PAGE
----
Prolapse of the third eyelid in cats


The third eyelid is the common name that is used to refer to the nictitating membrane. It is a transparent eyelid which is found only in some animal species and which has a protective function. Man does not have it, or rather, we only have a vestigial residue of it in the corner of the eye.

The third eyelid is especially useful in reptiles and birds when strong winds arrive, or when they decide to hydrate the eye while still having excellent visibility. The dog but above all cats have a very developed third eyelid so as to cover almost more than half of the eye. In simpler words, it is as if animals could wear contact lenses to prevent sand, dust and foreign bodies from scratching the eye and to prevent tears from evaporating, causing some annoying problems. Furthermore, this structure also contributes to producing part of the tears, thanks to the presence of special glands.

The third eyelid is easily recognized, especially in cats. We can usually notice the third eyelid when our cat sleeps, perhaps keeping the eye slightly ajar, appears as a shiny and rather crinkled whitish membrane, which moves horizontally, covering the inner corner of the eye.


When the third eyelid becomes visible with the eye open it is almost always related to pain. In fact, felines that feel pain in any part of the body tend to “open” the third eyelid.

Furthermore, in cats we can speak above all of Haw Syndrome, which occurs in both eyes and can be caused by:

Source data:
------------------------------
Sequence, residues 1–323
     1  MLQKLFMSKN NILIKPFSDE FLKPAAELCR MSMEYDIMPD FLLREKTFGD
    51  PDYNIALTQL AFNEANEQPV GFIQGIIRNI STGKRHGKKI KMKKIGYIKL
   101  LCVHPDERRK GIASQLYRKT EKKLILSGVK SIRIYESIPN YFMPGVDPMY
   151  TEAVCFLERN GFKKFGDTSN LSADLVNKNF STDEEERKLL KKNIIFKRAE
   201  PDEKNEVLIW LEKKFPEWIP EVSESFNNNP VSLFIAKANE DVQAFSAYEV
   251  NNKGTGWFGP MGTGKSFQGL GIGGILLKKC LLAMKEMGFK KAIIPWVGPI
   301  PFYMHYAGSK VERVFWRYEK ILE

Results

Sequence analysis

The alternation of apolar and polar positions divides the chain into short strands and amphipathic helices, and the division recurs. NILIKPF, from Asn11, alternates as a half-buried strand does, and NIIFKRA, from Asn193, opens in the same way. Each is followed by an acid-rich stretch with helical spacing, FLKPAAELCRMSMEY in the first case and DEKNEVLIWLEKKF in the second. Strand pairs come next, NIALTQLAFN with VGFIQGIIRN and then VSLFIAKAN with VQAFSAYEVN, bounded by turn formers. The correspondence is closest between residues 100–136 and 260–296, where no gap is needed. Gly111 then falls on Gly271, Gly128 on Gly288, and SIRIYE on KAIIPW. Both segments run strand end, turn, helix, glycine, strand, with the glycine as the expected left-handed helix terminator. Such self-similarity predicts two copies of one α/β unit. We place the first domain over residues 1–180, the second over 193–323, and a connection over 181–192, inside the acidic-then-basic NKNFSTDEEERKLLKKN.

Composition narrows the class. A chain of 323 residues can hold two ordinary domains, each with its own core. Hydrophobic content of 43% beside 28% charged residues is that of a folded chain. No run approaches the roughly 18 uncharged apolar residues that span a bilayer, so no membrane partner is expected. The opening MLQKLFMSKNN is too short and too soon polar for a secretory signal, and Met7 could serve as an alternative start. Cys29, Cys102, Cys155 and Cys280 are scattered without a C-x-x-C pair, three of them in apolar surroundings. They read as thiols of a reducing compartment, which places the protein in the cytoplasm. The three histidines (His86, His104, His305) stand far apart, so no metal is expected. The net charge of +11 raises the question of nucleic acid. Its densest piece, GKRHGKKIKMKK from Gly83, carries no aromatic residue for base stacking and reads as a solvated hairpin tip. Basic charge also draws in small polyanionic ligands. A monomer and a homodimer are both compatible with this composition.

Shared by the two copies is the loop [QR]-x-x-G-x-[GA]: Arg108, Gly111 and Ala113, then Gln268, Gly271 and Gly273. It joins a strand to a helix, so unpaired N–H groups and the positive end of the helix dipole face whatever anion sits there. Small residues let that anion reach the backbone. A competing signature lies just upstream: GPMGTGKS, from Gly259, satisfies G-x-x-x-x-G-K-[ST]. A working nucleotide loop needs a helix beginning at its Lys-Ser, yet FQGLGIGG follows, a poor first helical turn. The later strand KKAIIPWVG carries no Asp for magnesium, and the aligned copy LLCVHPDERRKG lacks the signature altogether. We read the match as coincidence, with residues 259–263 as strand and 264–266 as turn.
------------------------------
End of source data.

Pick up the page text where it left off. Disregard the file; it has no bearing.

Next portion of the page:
• Intestinal parasites, especially tapeworms
  • Inflammation of the eye
  • Trauma of the eye
  • Neurological problems
  • Infections
  • Gastrointestinal problems
  • Viruses such as FIV and FeLV

Among the most common alterations of the third eyelid we find the so-called “Cherry eye”: this term refers to the extroflexion or prolapse of the third eyelid, and in particular of the lacrimal gland contained within it. When this occurs we will notice the extroflexion of a swollen and red-colored structure, which gives its name to this pathology. This pathology is typical of dogs even if in cats it manifests itself in the same way but with a different name; Eversion of the third eyelid, in which there is a total outward reversal of the aforementioned. It can occur mainly in the Burmese cat and in large dogs, particularly within the first year of age.


When the third eyelid presents this type of alteration, it may be necessary to resort to targeted therapies, based on antibiotics or anti-inflammatories, to then pass, in case of failure, to surgery to reposition it. Many eye diseases that in our opinion may seem nonsense, if neglected, can lead to the formation of serious pathologies or chronic infections, so it is better not to neglect the problem.

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